Lecture 1 anti-asthmatics drugs Part-1

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Pharmacology of Respiratory system-Part 1

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Anti-Asthmatics Ms. Seema Thakur Associate Professor Faculty of Pharmaceutical Sciences PCTE Group of Institutes

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Content • Definition • Aim of treatment • Classification • Bronchodilators – β 2 Sympathomimetics: – Methlyxanthines – Anticholinergics • Leukotriene antagonist • Mast cell stabilizers • Corticosteroids – Systemic – Inhalational

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Bronchial asthma is characterized by hyperresponsiveness of the tracheobronchial smooth muscle to variety of stimuli resulting in • Narrowing of air tubes • ↑ secretion • Mucosal oedema • Mucus plugging Symptoms • Dyspnoea • Wheezing • Cough • May be limitation of activity

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Allergen IgE Mast cells on the mucosal surface sensitise Histamine LTs PGs PAF chemotactic factors for eosinophils and neutrophils Degranulate and Release bronchoconstriction oedema Mucus hypersecretion Accumulation of eosinophils and neutrophils

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Approaches of treatment • Prevention of AG:AB reaction • Neutralization of IgE: Omalizumab • Suppression of inflammation and bronchial hyperreactivity: Corticosteroids • Prevention of release of mediators : Mast cell stabilizers • Antagonism of released mediators: Leukotriene antagonists antihistaminic PAF antagonists • Blockade of constrictor neurotransmitter: Anticholinergics • Mimicking dilator neurotransmitter: Sympathomimetics • Directly acting bronchodilators-Methylxanthines

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Classification • Bronchodilators – β 2 Sympathomimetics: Salbutamol terbutaline bambuterol salmeterol formeterol – Methlyxanthines: Theophylline aminophylline choline theophyllinate hydroxyethyl theophylline doxophylline – Anticholinergics: Ipratropium bromide tiotropium bromide • Leukotriene antagonist: Montelukast zafirlukast • Mast cell stabilizers: Sodium cromoglycate ketotifen • Corticosteroids – Systemic: Hydrocortisone prednisolone – Inhalational: Beclomethasone dipropionate budesonide fluticasone propionate flunisolide ciclesonide • Anti-IgE antibody: Omalizumab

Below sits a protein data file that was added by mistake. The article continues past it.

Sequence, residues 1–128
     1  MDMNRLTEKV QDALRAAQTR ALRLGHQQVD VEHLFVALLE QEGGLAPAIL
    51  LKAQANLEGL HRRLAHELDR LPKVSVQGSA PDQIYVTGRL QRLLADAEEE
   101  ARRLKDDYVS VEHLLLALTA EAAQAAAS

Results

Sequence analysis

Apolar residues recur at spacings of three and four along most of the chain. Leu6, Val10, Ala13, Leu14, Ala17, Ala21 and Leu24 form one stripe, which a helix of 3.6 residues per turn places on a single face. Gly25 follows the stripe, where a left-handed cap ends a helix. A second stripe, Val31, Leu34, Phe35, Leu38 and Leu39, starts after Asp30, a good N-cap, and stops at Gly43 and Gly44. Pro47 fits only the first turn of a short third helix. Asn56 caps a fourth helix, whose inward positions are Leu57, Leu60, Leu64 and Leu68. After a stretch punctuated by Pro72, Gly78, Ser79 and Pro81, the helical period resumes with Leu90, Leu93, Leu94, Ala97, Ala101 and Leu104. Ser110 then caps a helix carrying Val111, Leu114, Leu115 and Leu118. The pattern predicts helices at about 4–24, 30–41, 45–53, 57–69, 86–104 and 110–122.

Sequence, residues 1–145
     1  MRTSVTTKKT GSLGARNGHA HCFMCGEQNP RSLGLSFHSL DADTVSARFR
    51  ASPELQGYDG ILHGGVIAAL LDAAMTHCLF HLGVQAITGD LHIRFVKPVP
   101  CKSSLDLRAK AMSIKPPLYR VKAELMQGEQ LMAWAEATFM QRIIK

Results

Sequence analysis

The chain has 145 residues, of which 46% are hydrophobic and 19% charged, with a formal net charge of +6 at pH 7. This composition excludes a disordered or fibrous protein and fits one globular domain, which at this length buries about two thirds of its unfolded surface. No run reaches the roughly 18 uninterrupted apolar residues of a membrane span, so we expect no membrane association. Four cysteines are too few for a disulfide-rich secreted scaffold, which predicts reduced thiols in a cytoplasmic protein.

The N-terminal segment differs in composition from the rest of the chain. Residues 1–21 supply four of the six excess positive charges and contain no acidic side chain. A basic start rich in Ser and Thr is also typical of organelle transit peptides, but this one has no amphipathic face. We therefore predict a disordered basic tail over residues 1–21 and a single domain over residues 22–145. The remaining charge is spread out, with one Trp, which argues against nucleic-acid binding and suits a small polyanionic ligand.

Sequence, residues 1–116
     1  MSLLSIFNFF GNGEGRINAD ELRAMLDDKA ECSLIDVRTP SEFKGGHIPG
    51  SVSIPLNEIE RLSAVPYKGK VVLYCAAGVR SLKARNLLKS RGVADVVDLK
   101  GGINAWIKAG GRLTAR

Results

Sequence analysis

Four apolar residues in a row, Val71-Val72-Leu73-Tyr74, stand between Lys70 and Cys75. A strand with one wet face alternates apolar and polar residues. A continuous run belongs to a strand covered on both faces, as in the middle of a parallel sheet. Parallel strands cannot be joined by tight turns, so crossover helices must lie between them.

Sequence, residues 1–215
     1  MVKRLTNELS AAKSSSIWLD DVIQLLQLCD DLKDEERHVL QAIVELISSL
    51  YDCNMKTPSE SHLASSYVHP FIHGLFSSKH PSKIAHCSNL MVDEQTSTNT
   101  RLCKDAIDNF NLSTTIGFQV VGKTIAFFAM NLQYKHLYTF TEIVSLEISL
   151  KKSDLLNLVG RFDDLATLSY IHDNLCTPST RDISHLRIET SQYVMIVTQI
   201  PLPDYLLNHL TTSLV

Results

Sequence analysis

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SYMAPATHOMIMETICS • Adrenergic drugs cause bronchodilatation through β receptor stimulation → increased cAMP formation in bronchial muscle cell → relaxation • Also ↑ cAMP in mast cell ↓ AG-AB reaction induced mediator release should be used cautiously used in hypertensives heart patients and in those receiving digitalis • Are fastest acting bronchodilators when inhaled

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SALBUTAMOL Albuterol • Highly selective β2 agonist • Cardiac side-effects are less prominent • Inhalation selectively increase drug selectivity • Causes dose-related muscle tremor • Also cause palpitations restlessness nervousness throat irritation ankle edema • Undergo presystemic metabolism oral bioavailability ≈ 50

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METHYL XANTHINES • Caffeine theophylline theobromine PHARMACOLOGICAL ACTIONS 1. CNS Caffeine and theophylline are CNS stimulants - primarily affect higher centres - about 150-250 mg produces sense of well being alertness beats boredom allays fatigue thinking becomes clearer improve performance increase alertness - caffeine is more active than theophylline - higher doses causes nervousness restlessness panic insomnia and excitement theophylline produce side-effects by greater propensity